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36% Complete

61 Total Pages 11 Contributing Members

Bailey - Field notes, Oregon and Washington, 1897 and Washington, D.C., 1898

Have you ever seen a bobcat up close, close enough to touch? Did it live to tell the tale? During his time as chief field naturalist for the Bureau of Biological Survey, Vernon Bailey (1864-1942) contributed over 13,000 specimens to the Biological Survey, curated specimens collected by fellow field agents and also designed two types of traps that left the animals and birds caught for examination unhurt. "The Mammals and Life Zones of Oregon" is one of his outstanding publications. Please help us transcribe one of the field log books Bailey kept of his work in Oregon to make it more accessible to fellow researchers and scholars.

26% Complete

49 Total Pages 5 Contributing Members

Bird Head Drawings, Box 40

Fourteen year old Robert Ridgway saw a bird near his home that he couldn't identify. His desire to know was so strong that he wrote to the commissioner of patents, who, knowing little about birds, passed on this boy's letter and drawing to ornithological authority Spencer Baird. Professor Baird wrote back that the bird was a Purple Finch thus beginning a regular correspondence between young Ridgway and the second Secretary of the Smithsonian. Years later, Ridgway joined the Smithsonian and made international contributions in the areas of systematic nomenclature and color studies.   Please help us transcribe the notations on these bird head drawings from his personal papers using the special instructions under READ MORE.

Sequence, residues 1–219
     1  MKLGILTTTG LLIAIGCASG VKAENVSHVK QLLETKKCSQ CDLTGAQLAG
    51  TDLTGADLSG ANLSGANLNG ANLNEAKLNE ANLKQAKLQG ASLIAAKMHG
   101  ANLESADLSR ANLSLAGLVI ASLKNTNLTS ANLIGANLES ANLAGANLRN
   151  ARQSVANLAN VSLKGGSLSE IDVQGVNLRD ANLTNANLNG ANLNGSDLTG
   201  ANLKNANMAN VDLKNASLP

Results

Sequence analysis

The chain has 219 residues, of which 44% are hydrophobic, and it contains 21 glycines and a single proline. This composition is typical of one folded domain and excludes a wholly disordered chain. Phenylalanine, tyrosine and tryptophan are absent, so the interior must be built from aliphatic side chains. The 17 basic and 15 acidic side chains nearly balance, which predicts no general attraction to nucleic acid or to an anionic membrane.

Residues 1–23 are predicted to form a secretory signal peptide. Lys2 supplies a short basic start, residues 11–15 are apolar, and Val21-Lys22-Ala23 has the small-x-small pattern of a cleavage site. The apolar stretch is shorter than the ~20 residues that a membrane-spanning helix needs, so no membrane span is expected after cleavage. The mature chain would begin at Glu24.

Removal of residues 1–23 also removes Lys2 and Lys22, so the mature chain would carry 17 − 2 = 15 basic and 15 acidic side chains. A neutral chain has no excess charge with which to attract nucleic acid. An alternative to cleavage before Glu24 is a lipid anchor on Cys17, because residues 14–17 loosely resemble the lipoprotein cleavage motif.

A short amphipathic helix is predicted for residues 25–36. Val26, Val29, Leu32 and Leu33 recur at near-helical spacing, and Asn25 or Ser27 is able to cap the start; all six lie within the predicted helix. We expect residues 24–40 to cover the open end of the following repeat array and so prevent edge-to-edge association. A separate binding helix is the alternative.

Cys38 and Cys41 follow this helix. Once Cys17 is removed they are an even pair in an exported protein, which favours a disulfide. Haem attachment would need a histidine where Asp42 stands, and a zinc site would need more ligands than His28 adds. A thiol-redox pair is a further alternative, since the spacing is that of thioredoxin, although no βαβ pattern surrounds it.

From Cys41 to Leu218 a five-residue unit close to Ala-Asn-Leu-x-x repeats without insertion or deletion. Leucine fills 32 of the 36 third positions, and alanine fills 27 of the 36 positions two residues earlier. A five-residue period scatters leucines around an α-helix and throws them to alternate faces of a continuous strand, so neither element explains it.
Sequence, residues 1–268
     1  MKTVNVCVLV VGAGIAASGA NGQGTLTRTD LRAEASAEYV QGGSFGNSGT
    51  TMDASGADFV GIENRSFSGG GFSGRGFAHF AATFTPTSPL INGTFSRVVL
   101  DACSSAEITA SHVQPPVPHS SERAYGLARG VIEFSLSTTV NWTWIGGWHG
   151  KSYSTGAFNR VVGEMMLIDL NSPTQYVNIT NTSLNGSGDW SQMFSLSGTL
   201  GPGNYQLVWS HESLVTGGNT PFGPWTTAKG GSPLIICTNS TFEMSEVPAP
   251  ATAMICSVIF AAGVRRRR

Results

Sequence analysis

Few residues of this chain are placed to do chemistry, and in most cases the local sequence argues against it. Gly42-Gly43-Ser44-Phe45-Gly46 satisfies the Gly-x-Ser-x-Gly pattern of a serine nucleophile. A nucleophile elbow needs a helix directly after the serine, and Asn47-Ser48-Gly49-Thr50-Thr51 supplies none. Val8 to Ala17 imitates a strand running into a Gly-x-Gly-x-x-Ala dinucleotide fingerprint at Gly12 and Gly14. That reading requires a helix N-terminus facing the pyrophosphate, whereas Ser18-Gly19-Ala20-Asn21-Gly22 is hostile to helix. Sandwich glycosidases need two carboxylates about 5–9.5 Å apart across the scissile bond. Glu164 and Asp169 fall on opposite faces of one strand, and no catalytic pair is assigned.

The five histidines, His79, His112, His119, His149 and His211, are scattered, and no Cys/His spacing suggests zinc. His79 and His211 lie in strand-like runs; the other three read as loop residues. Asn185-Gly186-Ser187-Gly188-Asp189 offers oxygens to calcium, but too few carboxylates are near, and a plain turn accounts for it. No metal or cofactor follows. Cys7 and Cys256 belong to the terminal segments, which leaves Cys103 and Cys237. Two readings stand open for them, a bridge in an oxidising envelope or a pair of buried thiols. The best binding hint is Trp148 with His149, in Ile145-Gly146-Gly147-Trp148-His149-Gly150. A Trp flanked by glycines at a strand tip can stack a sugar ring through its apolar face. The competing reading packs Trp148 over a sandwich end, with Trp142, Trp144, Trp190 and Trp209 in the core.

2% Complete

103 Total Pages 8 Contributing Members

Book no. 2, H.A. Allard, field collection specimen no. 1711-3420

This second volume of H. A. Allard's field book list of collected specimens includes numbers 1711-3420 collected in the course of his work in Virginia, and West Virginia from 1936-1937. His dated specimen entries include locality, scientific name, and notes regarding growing conditions. Many of the specimens were collected in the Bull Run Mountains, an area in Virginia's northern piedmont which is home to several forest and woodland community types, some of them rare botanical communities. Help us to transcribe Allard's specimen collecting notes and make them more accessible to researchers and scholars.